While an athletic person can often muscle their way up a near-vertical or vertical moderately-rated climb, they often struggle on slab climbs because they require more footwork, finesse, and impeccable technique than superhuman strength.
Therefore, both physical exertion and skill are required to be a successful climber.
If you climb, you almost certainly do it for fun or for entertainment. Especially when it comes to sport climbing, bouldering, gym climbing, and single-pitch cragging, the emphasis for most climbers is on having a good time and enjoying a day of climbing.
While some people might argue that the risk and danger of climbing can detract from the fun of it all, such arguments are somewhat narrow-minded and fail to realize that many popular sports, such as rugby and boxing pose extremely high risks to participants - some of which we are only now starting to recognize with the current emphasis on understanding and treating the long term effects of concussion-related injuries.
Additionally, although the vast majority of climbers will be scared at some point during their climbing careers, for many, overcoming this fear and working through it is just part of the journey.
Thus, even though climbing is inherently dangerous, risky, and sometimes scary, when done recreationally, it is almost always done for the fun and entertainment of the climbers themselves. Therefore, rock climbing satisfies this part of the criteria for consideration as a sport.
This is the tricky part of determining whether or not rock climbing is a sport.
While some people climb for competition, most others do not. Someone who is competing in an organized climbing competition is certainly taking part in a sporting event, but someone who is just going to the Gunks for a day of cragging probably isn’t.
This distinction is similar, in many ways to the difference between shooting a basketball alone for fun and playing a small game of 1 on 1. While the game of 1 on 1 can be considered a sport, the simple act of shooting a basketball doesn’t involve any competition, so it’s not a sport, but an activity.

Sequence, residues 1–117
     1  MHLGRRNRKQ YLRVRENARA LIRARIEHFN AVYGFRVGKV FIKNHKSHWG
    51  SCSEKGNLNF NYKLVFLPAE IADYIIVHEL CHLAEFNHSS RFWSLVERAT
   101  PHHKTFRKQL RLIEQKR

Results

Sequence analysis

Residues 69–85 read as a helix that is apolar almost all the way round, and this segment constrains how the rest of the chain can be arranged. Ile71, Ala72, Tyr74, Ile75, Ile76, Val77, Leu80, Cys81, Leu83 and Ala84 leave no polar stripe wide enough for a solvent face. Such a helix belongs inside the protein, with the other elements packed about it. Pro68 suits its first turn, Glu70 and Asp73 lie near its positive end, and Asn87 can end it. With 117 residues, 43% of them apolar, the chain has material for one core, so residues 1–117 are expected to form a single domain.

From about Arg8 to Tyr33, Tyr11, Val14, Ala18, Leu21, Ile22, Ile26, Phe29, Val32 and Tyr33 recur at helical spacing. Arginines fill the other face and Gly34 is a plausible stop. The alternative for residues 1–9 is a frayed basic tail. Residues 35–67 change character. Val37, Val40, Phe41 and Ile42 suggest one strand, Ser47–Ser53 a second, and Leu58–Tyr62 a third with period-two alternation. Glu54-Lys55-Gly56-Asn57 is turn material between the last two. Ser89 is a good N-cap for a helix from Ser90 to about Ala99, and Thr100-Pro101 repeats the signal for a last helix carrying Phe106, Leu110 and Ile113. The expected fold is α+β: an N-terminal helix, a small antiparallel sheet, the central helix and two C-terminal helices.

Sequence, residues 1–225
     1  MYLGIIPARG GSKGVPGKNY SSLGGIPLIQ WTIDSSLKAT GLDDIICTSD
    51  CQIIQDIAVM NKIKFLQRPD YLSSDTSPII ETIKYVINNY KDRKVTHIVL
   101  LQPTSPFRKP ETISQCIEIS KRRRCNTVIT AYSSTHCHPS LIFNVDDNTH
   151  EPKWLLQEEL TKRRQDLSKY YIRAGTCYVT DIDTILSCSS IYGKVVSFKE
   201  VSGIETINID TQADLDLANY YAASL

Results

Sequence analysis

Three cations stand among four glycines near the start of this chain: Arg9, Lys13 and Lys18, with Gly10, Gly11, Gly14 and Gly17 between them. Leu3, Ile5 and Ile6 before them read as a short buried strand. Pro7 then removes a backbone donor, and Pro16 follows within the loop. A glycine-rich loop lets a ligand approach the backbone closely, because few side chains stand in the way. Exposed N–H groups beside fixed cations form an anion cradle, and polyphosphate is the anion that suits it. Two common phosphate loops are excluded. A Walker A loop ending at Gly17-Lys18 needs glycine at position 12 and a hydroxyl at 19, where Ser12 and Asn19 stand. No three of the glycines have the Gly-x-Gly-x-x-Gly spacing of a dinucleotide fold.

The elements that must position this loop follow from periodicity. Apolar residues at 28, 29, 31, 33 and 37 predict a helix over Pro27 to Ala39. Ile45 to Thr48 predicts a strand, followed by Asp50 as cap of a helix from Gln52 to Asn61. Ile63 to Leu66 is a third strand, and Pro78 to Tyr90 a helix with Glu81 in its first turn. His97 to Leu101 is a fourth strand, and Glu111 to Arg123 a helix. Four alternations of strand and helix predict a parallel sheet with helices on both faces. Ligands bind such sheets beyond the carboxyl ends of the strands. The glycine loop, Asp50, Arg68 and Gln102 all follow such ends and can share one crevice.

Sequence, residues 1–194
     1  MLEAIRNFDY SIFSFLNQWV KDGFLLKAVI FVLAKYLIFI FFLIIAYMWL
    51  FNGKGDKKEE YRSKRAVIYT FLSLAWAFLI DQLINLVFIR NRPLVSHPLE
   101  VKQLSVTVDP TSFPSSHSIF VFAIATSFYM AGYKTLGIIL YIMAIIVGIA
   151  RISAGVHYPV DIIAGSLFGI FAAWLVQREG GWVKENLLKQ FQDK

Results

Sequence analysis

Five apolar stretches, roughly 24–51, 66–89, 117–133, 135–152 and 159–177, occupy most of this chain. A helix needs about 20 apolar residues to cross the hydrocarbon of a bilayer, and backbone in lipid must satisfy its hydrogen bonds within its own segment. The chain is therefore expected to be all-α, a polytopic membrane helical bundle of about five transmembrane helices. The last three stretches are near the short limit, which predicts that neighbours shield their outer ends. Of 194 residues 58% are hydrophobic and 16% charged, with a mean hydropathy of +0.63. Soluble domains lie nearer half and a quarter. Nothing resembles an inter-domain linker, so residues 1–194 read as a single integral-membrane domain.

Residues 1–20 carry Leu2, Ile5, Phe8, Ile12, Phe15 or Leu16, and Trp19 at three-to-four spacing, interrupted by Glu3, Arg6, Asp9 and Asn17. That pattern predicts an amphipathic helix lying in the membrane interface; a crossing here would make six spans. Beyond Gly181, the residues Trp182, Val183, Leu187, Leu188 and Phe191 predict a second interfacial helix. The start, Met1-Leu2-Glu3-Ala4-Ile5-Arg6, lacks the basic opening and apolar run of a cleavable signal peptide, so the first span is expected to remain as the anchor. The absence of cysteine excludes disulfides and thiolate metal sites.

The same is true of climbing. When done for a competition, any discipline of climbing, whether sport, bouldering, mixed, or something else entirely, can be considered a sporting event.
But when done simply for personal pleasure, climbing doesn’t quite meet the requirements for being a sport.
That being said, there are some times when it can be difficult to classify a particular climbing pursuit as an activity or a sport.
For example, if two climbing parties are informally racing each other to make the first ascent of a peak or if two top sport climbers are both working a new, really difficult route, there is some competition involved in the pursuit.
But is it enough for it to be considered a sport?
If we follow along with the Oxford English Dictionary’s definition of a sport, which is, admittedly, somewhat vague, it seems as though such informal competition would be enough to classify an athletic pursuit that’s done for pleasure, such as climbing, as a sport.
Thus, if we can consider two climbing parties trying to beat each other to a fastest known time or to the top of an unclimbed mountain to be engaging in competition, then we are ultimately left with a fairly fluid understanding of climbing as a sporting event.
All of this, of course, might seem a bit problematic to someone who’s looking for a clear, single answer as to whether or not rock climbing is a sport.
Unfortunately, with a pursuit such as rock climbing, which is constantly changing and evolving, such definitive answers are hard to come by.
Additionally, since there is no single rock climbing “governing body” or set of “rules” for climbing, we are unlikely to arrive at a definitive answer for this question any time soon.
However, with rock climbing’s recent inclusion in the 2020 Olympic Games, we will likely see many more people characterizing the entire pursuit as a sport, despite the fact that only certain kinds of climbing actually fit the definition of a sport.
Ultimately, whether or not we can consider rock climbing to be a sport really depends on the discipline of climbing you’re talking about.
Although some forms of climbing will be easier to classify as a sport, others are more nebulous in their definition and scope, so we may never really be able to determine whether or not they meet the requirements for sport hood.
So, is rock climbing a sport?
Well, as with all great questions, the answer to this one is: it depends.